Why would you want a Diablo? It's obvious: styling like no other, that legendary Lamborghini badge and a gargantuan V12 connected to an open-gate manual gearbox; road presence still beyond that of most cars; doors that open scissor-style; engine noise from an orchestra beyond the clouds; a 200mph-plus top speed; values on a steady upward slope... Need I go on?
The question of whether it's right for you is more difficult to answer, not just because of the significant initial outlay to acquire one, and potentially, more alarming sums to keep one running sweetly, but also because Diablos require a skilled hand at the wheel along with a willingness to be the centre of attention wherever you go.
'There's a very good reason why a lot of early Lamborghinis are low-mileage,' says Neil Singh of Buckinghamshire High Performance. 'For a start they're not the most comfortable of cars; and where do you park it? They're also very wide and rear visibility is not good. And then there are the running costs...'
The Diablo was in production for 11 years, and over that time morphed from being the ultimate car made by cottage industry Lamborghini to a more polished product of the Volkswagen-Audi Group (VAG). So there's a wide range of models, although given how few were originally sold - and the fact that some have been shipped abroad - even finding one can be difficult.
'They can deteriorate quickly if they're left unmaintained,' says Neil. In fact, if there's one common theme from talking to Diablo specialists and owners, it's that these wonderful cars demand that any maintenance jobs that arise - whether routine or unexpected - are dealt with.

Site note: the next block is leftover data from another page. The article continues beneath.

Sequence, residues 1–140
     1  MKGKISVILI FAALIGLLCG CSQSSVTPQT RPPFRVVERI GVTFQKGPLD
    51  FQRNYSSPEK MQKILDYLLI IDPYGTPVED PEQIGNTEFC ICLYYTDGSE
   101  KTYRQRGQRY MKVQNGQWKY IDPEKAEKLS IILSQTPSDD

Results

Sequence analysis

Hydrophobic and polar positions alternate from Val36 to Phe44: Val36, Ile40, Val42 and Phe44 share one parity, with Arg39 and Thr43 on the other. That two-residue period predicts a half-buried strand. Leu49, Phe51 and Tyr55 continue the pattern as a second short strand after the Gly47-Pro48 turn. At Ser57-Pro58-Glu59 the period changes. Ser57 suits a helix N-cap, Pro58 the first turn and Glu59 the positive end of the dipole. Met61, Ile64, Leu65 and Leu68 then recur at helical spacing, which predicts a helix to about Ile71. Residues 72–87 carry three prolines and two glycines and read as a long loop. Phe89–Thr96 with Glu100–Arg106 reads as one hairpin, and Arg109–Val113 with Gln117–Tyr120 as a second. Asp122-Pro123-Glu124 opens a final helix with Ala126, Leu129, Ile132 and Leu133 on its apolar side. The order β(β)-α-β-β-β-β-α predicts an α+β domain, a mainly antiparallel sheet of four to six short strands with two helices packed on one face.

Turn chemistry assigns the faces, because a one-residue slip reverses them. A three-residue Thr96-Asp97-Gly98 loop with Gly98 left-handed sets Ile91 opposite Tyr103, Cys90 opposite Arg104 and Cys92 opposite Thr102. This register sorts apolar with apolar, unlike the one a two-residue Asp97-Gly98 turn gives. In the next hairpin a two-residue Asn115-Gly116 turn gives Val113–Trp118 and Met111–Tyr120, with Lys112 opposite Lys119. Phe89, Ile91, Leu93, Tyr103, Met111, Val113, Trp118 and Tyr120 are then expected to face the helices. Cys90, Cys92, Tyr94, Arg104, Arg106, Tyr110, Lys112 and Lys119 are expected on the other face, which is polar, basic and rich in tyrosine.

Owner Phil James sums is up perfectly. 'You've got to be prepared to do whatever it needs, whenever it needs it, and not worry about how much it will cost. If you can't afford that, don't buy one.'
Engine 5707cc-5992cc, 48v, DOHC, V12
Power and torque 492-567bhp, 428-465lb ft
Top speed 202-210mph
Gearbox 5-speed manual, RWD and 4WD
WHAT TO LOOK FOR
It's easy to be seduced by a Diablo, but it's crucial to keep a level head when buying one. And the most crucial thing of all is to conduct a thorough examination of all paperwork.
'Try to find one that's been to a reputable specialist,' is Neil's advice. 'Don't just be satisfied by service stamps in the book - you've got to look beyond the stamps and into the paperwork to see if the right jobs have been done at the right time. And don't worry too much about which model - always try to buy the very best car you can afford, but be prepared to accept a few niggles and constant fettling.'
A Diablo should have been treated to the best over the years, and you'll want to see lots of evidence that it has enjoyed a money-no-object lifestyle. A big-ticket failure such as a worn-out clutch in inevitable at some point in Diablo ownership; but if there's no proof of a recent change, budget accordingly and ask more searching questions.
Given the potential for financial carnage, it makes sense to invest in a pre-purchase inspection. BHP charges from £300 to carry out this which, given the thousands of pounds you could potentially save, seems like a no-brainer. Amazingly, many go into the purchase blind.
The crowning glory of the Diablo is the scintillating, naturally aspirated V12 powerhouse located just aft of your shoulder blades. A development of the original, 3.5-litre V12 first seen in the 350GT of '64, by the era of the Diablo it had grown into a 5.7-litre, 48-valve monster, producing 492bhp and 428lb ft of torque. Outputs then grew progressively, culminating in the 567bhp 6.0-litre GT of 1999.